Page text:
Ace to participate in Mid-South real estate event
Oak Brook, Ill.-based Ace Hardware is one of more than 250 retailers, developers, vendors and retail real estate brokers scheduled to attend the second annual Mid-South Fall Retailer Kickoff at Harrah’s Tunica in Tunica, Miss., Sept. 10 and 11.
Last year, more than 300 local, regional and national retailers, developers, brokers and public officials attended the regional networking event, according to the Kickoff Web site.
Ace Hardware confirmed recently that Memphis is one of several areas the co-op is looking to penetrate. In fact, Germantown, Tenn.-based Trezevant Realty, one of the sponsors of the Kickoff, has announced plans to open 15 new Ace stores in the greater Memphis area in the next 18 to 24 months.
“That’s a real conservative estimate. It could be within a year,” said Barry Maynard, an affiliate broker with Trezevant.
Maynard said Ace is trying to establish a presence from northeast Arkansas to western Tennessee, one of the only areas left in the United States without an Ace footprint.
“You’ve got 40 to 50 submarkets outside Memphis and going toward Nashville,” he said. “None of them have huge populations, but they draw from large areas, and there’s a demand and a need for hardware stores.”
The new Ace stores would range from around 11,500 square feet to 70, 000 square feet, with some of the larger ones being established in former Kroger and Winn Dixie supermarket spaces, Maynard said.
Former Westlake execs open True Value store
Former Westlake Ace Hardware executives Brian Richards and Scott Westlake have formed their own True Value hardware chain, called SCW. The first store opened Aug. 30 in Overland Park, Kan.
Called Nuts and Bolts, the store is 51,000 square feet, about three times the size of a traditional True Value outlet. A second, 28,000-square-foot Nuts and Bolts is set to open sometime in September in Independence, Mo.
Both stores are based on the Destination True Value format, which emphasizes small projects and offers a broad product selection in core hardware categories that can be adapted to the needs of the individual store.
In addition to the traditional hardware departments, Nuts and Bolts offers a 4,000-square-foot customer service center where customers can get glass and keys cut, window screens repaired and knifes and scissors sharpened. The store has about 40 employees.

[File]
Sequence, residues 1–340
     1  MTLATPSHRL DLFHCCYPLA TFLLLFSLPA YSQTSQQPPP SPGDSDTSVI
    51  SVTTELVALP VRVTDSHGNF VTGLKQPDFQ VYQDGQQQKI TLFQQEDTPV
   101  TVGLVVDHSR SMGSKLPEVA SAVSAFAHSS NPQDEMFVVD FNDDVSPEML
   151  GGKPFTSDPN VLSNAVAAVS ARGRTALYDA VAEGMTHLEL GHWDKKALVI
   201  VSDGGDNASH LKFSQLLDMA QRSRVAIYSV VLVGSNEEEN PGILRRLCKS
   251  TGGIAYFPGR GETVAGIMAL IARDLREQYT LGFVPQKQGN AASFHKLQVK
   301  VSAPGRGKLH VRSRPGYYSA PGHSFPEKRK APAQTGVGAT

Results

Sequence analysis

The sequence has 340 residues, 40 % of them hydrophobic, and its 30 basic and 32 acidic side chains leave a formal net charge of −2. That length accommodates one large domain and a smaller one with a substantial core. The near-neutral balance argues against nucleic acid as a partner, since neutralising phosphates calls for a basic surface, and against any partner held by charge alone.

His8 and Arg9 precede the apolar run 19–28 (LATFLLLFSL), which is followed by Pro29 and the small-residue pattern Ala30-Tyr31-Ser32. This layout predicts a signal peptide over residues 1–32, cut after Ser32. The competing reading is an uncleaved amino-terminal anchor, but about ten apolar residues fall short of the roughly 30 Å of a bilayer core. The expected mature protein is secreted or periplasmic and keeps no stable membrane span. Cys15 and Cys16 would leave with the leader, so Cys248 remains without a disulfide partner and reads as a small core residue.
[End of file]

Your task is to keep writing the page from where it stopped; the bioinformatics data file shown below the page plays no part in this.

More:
Richards, the company president, spent more than 30 years with Westlake — a 90-store chain with stores in Missouri, Kansas, Nebraska, Iowa, Oklahoma, Texas and New Mexico — before partnering with Scott Westlake, the grandson of Westlake Ace’s founder.
Toll Brothers posts third-quarter loss
Toll Brothers, one of the nation’s largest home builders with a specialty in luxury homes, saw third-quarter losses of $29.3 million, plummeting from earnings of $26.5 million in the same period last year.
The Horsham, Pa.-based builder recorded a hefty $139.4 million pre-tax charge, $33.4 million of which was attributed to failed joint venture agreements. For the first nine months of the fiscal year, the builder has generated losses totaling $219 million.
Home-building revenues totaled $1.24 billion in the third quarter, down 31 percent from $1.8 billion in the same period last year.
Robert Toll, chairman and CEO for Toll Brothers, pulled no punches in his assessment of the results: “We are now completing the third year of the worst housing market since we started in 1967,” he said.
“Weak consumer confidence has kept many potential buyers from taking advantage of the current buyers’ market,” he noted. “We believe that most big public builders have sold off most of their inventory, which eventually should help stabilize home prices. However, we currently have to contend with foreclosures as the new low-priced competition.”